Since the courts in Illinois are already overburdened with child support cases, some parents will push the envelope by continuing to defy court orders. Typically, this means one parent is not receiving their court-ordered child support and finds themselves stuck, trying to figure out how to get the money that is owed to them.
Back in June we posted about a father who did not want his employee perks to be included as income when calculating how much he owes in child support. This request came after the man asked for a reduction in how much he was already paying in child support. He based his modification request around the fact that his salary was cut in half due to a decrease in enrollment in the college he is the president of.
When two parents split up -- whether they were married or not -- the Illinois courts will use statutory guidelines to determine how much the non-custodial parent should be paying in child support. A number of factors, such as the net income of the non-custodial parent, are included in the child support formula in order to determine how much monthly payments should be.
In Illinois, the amount a father will pay in child support is based on statutory guidelines. The No. 1 factor in these guidelines is how much the father earns. However, other factors are also considered, such as if the father is already paying child support for another child from another relationship, alimony costs, child care costs and medical costs. All of this information is gathered in order to determine how much a father should be paying in child support each month.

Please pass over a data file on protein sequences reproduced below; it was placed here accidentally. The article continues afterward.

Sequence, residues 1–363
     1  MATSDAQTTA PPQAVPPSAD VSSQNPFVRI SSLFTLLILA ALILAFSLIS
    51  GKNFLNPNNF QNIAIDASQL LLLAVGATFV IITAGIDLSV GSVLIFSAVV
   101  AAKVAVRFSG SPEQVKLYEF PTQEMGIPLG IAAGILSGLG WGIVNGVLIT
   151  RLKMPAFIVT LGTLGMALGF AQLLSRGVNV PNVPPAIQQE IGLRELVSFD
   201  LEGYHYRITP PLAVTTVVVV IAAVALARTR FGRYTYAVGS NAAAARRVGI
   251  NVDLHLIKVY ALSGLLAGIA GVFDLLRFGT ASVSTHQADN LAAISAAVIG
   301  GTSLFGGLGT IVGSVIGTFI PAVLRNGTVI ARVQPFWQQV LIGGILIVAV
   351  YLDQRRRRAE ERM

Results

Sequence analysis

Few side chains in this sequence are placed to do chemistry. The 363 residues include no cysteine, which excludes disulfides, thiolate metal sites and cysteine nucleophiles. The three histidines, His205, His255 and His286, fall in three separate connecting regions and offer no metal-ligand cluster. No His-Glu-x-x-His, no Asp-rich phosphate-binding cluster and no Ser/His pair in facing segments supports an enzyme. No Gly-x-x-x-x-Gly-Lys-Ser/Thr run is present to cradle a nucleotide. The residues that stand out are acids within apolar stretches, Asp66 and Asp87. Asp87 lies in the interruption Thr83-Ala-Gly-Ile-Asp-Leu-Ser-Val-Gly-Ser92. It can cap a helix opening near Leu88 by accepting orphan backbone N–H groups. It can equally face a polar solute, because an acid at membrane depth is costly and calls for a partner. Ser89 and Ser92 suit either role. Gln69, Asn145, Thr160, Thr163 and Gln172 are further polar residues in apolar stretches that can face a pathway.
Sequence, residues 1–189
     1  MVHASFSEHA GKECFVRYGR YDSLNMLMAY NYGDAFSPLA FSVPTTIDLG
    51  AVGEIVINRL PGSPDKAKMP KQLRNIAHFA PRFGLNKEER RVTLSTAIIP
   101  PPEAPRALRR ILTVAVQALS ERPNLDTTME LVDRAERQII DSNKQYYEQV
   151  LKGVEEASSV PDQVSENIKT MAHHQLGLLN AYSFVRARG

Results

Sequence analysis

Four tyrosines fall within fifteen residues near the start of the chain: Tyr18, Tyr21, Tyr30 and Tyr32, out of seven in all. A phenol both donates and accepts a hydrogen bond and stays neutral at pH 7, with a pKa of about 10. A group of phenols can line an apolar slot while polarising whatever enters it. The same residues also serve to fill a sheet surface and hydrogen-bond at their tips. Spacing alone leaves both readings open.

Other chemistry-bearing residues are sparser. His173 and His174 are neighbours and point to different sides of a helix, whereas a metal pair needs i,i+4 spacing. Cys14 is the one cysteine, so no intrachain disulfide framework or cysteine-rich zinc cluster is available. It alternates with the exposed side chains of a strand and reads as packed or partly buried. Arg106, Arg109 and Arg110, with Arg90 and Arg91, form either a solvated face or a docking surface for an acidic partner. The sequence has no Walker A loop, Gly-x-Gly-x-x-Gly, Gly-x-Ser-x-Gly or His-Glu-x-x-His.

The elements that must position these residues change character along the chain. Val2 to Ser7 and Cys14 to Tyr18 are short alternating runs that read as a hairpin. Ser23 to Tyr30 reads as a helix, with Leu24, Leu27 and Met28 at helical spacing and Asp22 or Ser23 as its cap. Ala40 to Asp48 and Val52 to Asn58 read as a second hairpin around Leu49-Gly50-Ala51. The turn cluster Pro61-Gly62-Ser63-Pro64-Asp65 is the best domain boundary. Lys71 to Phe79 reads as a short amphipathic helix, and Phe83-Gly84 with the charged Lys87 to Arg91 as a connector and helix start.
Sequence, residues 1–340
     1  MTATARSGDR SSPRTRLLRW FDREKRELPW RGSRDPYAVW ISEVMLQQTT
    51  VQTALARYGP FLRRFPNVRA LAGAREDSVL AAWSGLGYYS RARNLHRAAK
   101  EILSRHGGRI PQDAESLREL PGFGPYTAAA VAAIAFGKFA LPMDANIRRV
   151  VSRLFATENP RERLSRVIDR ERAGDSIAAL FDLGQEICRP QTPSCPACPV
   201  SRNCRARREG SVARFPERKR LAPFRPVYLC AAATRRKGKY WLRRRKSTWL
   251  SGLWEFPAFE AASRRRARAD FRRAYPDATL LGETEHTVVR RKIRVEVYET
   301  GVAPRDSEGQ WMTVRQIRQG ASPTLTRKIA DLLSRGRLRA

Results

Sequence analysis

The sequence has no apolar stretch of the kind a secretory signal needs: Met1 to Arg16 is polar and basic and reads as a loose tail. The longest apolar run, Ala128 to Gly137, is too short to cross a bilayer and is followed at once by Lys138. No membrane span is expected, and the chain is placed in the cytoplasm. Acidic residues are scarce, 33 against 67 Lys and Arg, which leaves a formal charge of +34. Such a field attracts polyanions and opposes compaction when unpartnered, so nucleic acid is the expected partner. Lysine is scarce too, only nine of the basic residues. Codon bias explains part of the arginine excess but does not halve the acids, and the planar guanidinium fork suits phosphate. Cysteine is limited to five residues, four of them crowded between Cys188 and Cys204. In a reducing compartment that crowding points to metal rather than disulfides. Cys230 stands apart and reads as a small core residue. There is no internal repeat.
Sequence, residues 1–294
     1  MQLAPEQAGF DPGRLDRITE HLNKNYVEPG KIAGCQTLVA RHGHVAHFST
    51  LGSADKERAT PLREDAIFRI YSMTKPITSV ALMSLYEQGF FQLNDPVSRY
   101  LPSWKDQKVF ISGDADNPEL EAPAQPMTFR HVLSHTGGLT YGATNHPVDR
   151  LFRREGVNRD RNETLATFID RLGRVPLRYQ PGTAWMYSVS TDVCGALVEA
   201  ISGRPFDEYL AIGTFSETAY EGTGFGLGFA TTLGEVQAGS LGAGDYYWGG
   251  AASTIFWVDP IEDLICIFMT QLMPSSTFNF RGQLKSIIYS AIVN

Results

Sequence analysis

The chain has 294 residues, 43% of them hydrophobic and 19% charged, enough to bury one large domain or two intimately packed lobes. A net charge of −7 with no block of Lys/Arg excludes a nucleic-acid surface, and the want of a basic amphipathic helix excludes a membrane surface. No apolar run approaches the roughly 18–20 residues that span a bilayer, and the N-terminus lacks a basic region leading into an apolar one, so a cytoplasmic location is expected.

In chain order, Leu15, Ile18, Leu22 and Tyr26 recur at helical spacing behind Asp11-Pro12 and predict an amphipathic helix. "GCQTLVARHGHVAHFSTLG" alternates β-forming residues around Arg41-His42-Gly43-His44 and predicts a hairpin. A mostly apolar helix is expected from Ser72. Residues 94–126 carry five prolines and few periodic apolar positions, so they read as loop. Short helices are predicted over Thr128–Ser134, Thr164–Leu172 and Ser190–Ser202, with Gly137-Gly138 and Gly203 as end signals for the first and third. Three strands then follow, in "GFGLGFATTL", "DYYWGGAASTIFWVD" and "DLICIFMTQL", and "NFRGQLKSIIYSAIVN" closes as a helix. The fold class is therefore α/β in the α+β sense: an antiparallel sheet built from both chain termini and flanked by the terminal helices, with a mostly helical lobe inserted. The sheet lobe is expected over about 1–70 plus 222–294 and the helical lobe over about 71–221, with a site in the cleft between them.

When parents are going through a divorce, they understandably tend to worry about the big picture things, such as how much child support is going to be every month and what the child custody arrangement is going to look like. Of course, these are very important aspects of a divorce, however, parents need to keep in mind that this is an especially trying time for the children too.
In general, laws need to be updated to reflect societal changes. This is especially true when it comes to family law where there have been many changes over the years, including mothers not automatically being favored when it comes to child custody agreements. However, for change to be effective, lawmakers need to take the time to gather information and propose changes that not only make sense, but are also in the best interests of everyone involved -- parents and children.